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Tobacco temptation; UB study finds half of schools in Falls, Buffalo are near stores selling cigarettes

It may not come as a total surprise that some schools are within walking distance of stores where cigarettes and other tobacco products are sold.

After all, schools exist in the real world, and some are in urban or commercial settings.

But what may be surprising to learn -- as it was for a team led by University at Buffalo researchers -- is that fully half of the schools in the Buffalo and Niagara Falls school districts are located within 1,000 feet of tobacco vendors.

That means lots of Western New York children and teenagers come very close, every school day, to places where they can buy tobacco products that may harm their health, or where tobacco company advertising messages can reach them, members of the research team said.

"Young kids -- but also teens -- are likely to see these advertisements and be influenced by them," said Andrea Licht, a Buffalo resident and doctoral student in epidemiology at UB who was one of the lead researchers on the study.

The UB-led team, which included partners from the Erie-Niagara Tobacco-Free Coalition and Roswell Park Cancer Institute, conducted a yearlong analysis of the proximity of tobacco-selling retailers to 104 public schools in Buffalo and 15 in Niagara Falls, the researchers said.

They found 350 retail businesses in the City of Buffalo selling tobacco products, and then compared the locations of those vendors with the schools, said Licht.

"The sheer number of outlets in general surprised me," said Licht, a North Tonawanda native who is studying social and preventive medicine at UB.

"It creates a social norm," she said. "Even if the child or teenager isn't walking past [the vendor], their friends might be going to it. Teens and kids are very impressionable about tobacco advertising. Even just seeing that red and white of a Marlboro ad could make an impression."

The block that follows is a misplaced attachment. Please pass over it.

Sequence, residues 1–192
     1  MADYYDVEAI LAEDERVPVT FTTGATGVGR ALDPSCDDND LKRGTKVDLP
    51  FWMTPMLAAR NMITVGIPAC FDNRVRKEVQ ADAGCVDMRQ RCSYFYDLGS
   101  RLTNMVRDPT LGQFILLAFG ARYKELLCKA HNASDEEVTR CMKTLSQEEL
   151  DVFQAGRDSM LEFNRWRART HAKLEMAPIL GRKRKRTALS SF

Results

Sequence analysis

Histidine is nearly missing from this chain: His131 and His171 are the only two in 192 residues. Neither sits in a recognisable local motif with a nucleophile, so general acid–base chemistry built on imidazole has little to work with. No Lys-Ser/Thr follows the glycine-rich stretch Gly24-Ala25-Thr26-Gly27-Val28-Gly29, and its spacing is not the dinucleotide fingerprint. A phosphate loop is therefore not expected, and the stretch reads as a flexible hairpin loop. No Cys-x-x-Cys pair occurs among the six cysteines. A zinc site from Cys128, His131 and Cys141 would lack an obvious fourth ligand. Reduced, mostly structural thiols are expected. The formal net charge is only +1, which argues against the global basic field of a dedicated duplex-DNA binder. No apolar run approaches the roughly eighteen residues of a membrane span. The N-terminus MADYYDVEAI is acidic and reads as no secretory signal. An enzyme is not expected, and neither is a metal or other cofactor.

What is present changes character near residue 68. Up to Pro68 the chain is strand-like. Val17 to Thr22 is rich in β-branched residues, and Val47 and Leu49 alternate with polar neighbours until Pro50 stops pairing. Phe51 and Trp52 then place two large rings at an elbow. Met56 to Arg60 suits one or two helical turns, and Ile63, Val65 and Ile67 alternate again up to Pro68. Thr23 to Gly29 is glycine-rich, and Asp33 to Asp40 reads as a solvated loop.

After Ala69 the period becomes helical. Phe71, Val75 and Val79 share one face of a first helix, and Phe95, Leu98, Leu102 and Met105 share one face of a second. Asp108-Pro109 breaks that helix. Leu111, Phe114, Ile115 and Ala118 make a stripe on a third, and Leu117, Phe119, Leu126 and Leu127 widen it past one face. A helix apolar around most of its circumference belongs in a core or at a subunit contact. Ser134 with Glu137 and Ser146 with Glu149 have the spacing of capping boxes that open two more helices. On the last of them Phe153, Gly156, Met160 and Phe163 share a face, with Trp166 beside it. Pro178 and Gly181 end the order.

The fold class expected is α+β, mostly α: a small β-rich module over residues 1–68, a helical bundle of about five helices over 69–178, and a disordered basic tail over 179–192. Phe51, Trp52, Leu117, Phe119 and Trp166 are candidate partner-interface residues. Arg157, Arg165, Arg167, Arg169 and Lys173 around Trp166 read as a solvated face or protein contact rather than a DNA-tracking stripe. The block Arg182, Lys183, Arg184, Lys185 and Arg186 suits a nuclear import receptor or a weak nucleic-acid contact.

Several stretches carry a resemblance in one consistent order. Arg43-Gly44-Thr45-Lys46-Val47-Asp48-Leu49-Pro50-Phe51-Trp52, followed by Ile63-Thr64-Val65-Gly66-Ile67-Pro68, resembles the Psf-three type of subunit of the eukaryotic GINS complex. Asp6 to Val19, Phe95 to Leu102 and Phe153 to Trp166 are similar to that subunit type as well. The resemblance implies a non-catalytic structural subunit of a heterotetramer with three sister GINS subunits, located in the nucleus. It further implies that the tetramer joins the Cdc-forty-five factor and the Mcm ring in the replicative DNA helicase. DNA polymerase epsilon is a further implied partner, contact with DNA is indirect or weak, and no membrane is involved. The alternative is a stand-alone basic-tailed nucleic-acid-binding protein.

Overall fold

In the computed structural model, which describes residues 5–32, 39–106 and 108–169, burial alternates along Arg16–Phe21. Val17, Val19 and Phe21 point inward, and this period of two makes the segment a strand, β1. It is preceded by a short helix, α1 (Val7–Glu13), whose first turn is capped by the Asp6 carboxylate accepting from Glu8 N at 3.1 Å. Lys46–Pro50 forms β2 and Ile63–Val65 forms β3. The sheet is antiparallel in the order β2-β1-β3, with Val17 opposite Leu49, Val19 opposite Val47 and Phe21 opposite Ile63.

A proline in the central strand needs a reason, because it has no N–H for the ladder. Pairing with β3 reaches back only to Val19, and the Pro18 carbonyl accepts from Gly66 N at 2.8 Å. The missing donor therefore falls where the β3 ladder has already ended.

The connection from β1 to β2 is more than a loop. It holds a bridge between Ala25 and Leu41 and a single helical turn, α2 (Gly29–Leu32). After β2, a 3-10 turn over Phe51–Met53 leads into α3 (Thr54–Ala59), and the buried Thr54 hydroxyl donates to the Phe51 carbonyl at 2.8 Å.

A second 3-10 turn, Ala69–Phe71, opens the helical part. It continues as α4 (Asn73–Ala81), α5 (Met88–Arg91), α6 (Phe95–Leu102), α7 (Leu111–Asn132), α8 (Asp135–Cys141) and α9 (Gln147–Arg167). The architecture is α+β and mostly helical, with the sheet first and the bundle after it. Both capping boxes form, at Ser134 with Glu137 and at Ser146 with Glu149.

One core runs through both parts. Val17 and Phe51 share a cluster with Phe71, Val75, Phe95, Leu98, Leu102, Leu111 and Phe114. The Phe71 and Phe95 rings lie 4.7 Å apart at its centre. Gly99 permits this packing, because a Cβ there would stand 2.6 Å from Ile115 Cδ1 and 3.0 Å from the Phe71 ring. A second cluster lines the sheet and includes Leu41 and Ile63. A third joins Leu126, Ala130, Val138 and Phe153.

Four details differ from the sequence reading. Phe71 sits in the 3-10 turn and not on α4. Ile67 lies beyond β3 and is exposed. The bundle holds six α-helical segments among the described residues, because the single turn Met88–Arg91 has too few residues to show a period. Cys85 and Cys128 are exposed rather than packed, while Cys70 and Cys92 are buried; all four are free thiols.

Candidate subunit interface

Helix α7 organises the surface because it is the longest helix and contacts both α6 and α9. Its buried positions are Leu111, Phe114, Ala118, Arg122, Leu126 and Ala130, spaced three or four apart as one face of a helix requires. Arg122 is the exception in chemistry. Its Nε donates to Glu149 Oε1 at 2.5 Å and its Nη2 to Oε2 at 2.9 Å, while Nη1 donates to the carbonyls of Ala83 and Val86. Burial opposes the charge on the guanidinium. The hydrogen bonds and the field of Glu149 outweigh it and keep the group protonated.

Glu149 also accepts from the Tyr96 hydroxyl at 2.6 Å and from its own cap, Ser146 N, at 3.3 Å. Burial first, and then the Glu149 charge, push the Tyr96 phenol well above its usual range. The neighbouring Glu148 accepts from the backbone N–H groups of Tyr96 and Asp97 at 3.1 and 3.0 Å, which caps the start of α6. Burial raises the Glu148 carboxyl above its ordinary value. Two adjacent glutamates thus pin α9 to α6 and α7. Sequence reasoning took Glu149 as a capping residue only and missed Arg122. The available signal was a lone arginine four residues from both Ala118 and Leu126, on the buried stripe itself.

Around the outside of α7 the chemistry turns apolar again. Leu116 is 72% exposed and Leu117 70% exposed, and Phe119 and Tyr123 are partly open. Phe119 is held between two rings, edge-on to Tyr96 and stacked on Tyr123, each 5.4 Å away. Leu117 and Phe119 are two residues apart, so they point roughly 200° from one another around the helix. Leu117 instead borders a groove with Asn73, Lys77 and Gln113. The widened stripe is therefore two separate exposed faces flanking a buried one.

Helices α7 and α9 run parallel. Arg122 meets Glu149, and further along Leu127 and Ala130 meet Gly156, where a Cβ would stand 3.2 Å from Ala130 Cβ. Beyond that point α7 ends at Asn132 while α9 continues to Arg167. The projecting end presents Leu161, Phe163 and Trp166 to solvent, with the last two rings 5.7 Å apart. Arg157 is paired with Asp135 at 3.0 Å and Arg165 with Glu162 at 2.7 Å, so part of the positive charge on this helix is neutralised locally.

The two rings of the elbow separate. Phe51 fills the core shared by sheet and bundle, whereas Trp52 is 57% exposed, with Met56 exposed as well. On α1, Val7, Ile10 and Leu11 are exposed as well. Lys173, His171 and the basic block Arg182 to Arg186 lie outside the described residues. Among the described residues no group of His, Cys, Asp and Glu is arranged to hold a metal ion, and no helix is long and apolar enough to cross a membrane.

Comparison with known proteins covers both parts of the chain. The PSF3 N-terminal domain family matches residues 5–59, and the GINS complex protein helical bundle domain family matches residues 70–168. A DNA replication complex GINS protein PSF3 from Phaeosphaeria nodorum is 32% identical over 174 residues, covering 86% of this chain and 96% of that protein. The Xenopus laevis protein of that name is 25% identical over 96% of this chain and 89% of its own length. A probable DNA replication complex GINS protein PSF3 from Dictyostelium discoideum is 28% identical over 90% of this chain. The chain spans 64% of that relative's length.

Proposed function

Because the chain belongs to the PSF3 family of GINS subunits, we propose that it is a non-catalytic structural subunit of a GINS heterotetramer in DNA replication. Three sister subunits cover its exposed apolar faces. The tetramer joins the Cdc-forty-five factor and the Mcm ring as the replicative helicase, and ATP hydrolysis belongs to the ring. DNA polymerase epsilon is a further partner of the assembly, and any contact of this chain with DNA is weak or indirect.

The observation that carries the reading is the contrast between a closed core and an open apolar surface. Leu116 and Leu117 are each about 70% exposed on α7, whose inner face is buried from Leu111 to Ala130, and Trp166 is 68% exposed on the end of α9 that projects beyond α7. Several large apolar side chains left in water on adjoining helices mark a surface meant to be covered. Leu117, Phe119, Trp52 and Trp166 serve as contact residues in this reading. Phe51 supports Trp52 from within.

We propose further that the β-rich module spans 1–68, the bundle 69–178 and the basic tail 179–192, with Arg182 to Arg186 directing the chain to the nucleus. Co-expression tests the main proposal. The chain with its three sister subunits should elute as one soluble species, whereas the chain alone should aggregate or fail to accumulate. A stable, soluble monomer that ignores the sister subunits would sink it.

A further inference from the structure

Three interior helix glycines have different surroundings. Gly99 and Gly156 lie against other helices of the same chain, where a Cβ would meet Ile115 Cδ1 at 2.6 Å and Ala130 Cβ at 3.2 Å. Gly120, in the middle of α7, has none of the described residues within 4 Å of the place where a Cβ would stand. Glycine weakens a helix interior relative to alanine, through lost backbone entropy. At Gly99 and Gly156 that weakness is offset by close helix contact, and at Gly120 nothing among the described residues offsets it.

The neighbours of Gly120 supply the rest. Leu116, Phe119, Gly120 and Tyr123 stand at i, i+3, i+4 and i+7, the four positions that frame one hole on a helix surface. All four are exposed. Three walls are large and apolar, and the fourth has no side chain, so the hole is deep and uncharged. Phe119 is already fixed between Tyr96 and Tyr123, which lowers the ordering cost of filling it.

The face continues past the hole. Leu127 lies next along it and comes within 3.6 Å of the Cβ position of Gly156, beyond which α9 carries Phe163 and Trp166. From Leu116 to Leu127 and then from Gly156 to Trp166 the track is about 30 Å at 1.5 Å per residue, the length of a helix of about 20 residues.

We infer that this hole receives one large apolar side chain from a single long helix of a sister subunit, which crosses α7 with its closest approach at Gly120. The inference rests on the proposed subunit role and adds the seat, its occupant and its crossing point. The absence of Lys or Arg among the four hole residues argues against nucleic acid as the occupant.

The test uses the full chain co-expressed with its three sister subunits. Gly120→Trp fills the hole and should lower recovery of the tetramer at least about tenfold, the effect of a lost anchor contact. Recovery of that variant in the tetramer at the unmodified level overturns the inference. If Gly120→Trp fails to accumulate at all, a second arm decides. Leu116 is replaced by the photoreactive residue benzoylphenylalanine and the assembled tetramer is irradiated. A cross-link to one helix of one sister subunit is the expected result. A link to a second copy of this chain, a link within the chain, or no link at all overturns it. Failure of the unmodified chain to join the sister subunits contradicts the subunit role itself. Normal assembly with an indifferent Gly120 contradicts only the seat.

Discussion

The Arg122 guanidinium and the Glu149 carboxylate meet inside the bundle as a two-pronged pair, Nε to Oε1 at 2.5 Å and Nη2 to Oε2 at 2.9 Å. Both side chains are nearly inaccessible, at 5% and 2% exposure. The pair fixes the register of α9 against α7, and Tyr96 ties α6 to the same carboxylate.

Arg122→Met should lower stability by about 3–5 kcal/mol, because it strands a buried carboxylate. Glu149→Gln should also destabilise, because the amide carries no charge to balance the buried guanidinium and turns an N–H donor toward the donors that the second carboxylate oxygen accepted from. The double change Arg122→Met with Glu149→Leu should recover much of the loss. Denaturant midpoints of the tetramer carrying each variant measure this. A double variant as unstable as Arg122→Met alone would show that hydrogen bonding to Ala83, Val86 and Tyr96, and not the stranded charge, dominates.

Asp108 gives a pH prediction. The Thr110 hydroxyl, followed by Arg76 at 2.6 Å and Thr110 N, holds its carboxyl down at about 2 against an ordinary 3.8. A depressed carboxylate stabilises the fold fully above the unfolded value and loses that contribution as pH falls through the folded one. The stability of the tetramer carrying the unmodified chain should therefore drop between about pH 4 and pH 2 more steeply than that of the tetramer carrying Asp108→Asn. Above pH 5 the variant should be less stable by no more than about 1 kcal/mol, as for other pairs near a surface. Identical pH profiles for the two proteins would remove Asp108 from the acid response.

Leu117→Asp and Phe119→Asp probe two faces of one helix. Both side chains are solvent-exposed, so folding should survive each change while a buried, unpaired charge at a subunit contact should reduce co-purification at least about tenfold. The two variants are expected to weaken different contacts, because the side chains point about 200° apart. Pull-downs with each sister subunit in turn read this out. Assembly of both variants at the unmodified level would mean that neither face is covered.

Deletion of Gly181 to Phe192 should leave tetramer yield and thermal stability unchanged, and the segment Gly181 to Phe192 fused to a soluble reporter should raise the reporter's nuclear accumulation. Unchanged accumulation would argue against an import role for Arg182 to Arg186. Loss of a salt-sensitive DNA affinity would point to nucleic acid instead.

At the Erie-Niagara Tobacco-Free Coalition, director Anthony Billoni said the study was an important step forward in making Western New York a safer and healthier place for children, even those as young as grade-school age.

"We know that youth are very vulnerable to these tobacco advertisements," Billoni said. "One thing we know is that the uptick in smoking usually comes between the ages of 12 and 14. One of our major roles right now is to educate the public about the prominence of tobacco products in these places."

According to the UB-led research team:

*Half of the schools studied were near tobacco vendors -- sometimes with more than one such shop within 1,000 feet.

*Schools in heavily commercial neighborhoods were more likely to have tobacco-selling retail establishments near them. The school with the most such shops within 1,000 feet -- Elmwood Village Charter School in Buffalo -- had five, all located within a few streets of its Elmwood Avenue location.

*Schools that had one or more tobacco-selling retailers near them were not clustered in one location of the city, but were scattered throughout the city. In Buffalo, schools that had four such vendors within 1,000 feet included Leonardo DaVinci High School, Academy School No. 131 on Broadway and Public School No. 43 on Benzinger Street. Others in this group with multiple vendors nearby included Herman Badillo School and the Emerson School of Hospitality.

At the Elmwood Village Charter School, administrators said they knew about and were appreciative of the tobacco-vendor study.

"I think the study was well done," said John Sheffield, director and principal at the Elmwood Avenue school, which educates 200 children in kindergarten through sixth grade.

But, he cautioned, schools in urban zones need to be aware that such outlets will be around them as part of the commercial landscape.

"One of the issues we need to be aware of is, we did choose to locate our school in an area that is heavily commercial," he said.

Sheffield said he thinks such locations provide educators and parents with a challenge, but not an insurmountable one.

"The kids are going to be exposed to some form of advertising no matter how vigilant parents and educators are," Sheffield said. "Clearly, the more education we can give children in school about the dangers of tobacco use, that's what's going to make a big difference. We make sure we have a comprehensive program here to make sure our children are well-educated about tobacco products."

During the same period that the UB-led researchers were conducting the local study, similar studies were being done in New York City and St. Louis, said Licht.

"We found pretty much the same results that they had," she said, of the other cities' research, which was published earlier this year in the American Journal of Preventive Medicine.

Billoni said that the study lays an important foundation for future work on the part of local anti-smoking advocates for less access to tobacco products for the area's young people.

"We'd love to see more responsible tobacco retailing," Billoni said. "That's part of the consideration, downstream."


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